While the romance between Sebastian Madinger, the Earl of Wriothesly, and Mrs. Leah George is the main focus of my new book, Romancing the Countess, the death of their spouses and subsequent mourning customs of the Victorian era play an important role as well.
As an author who writes in the Victorian era, there are some things that I’ve learned over time in research, and some things that I have to research in detail depending upon the book I’m writing. In Romancing the Countess, the storyline led me to the necessity of researching funeral and mourning habits of the upper class in the mid-Victorian era (circa 1849).
Some of the information that I ran across was familiar: a black armband worn by men, black crepe or bombazine for the women, an estimated expected mourning period for the widow of one to two years—though this time period was not “required,” it was nonetheless a social expectation, and violation of this expectation could cause great scandal.
On the other hand, there were quite a few pieces of information that I learned as a result of my research. For example, in addition to the black armband, men also tied black bands around their hats and wore black gloves. Ladies of the house (which would include the widow or any immediate and sometimes extended relatives of the deceased) did not attend the funeral. In fact, women in general were not usually present.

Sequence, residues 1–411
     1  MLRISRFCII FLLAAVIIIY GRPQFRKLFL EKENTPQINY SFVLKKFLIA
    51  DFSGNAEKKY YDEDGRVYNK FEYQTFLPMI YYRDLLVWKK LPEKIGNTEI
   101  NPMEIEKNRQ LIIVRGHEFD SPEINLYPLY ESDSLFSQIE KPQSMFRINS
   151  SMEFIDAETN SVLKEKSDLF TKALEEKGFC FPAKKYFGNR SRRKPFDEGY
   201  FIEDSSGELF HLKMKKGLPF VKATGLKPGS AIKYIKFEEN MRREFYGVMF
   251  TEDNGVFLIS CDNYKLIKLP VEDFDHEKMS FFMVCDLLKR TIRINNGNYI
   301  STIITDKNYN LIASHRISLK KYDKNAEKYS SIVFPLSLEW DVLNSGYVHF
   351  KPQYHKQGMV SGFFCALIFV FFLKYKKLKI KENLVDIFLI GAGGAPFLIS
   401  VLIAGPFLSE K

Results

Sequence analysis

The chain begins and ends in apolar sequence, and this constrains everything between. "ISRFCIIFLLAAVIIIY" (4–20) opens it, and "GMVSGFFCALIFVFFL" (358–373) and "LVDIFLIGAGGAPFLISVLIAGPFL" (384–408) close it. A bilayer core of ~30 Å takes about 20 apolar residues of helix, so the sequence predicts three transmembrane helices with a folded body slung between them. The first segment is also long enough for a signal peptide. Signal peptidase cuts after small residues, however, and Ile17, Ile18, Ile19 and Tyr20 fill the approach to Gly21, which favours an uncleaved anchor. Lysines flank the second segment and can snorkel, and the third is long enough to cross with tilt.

Since the body would stay inside the home until time for burial, the windows were open and curtains drawn—most likely to relieve the stench.
However, the most interesting custom that I found in my research was the draping of black cloth over every mirror. The most common explanation for this that I found was the belief that mirrors—and indeed, all reflective surfaces—must be covered in order to prevent the souls of the dead from becoming trapped inside.
Finally, I ran across a few superstitions that you might find interesting:
It is bad luck to meet a funeral procession head on. If you see one approaching, turn around. If this is unavoidable, hold on to a button until the procession passes.
If it rains on a funeral procession, the deceased will go to heaven.
If the deceased has lived a good life, flowers will bloom on his grave; but if he has been evil, only weeds will grow.
(Source for superstitions: friendsofoakgrovecemetery.org)
Which Victorian mourning customs or superstitions are you familiar with? Are there any not named above that you’d like to include?
Ashley March, www.ashleymarch.com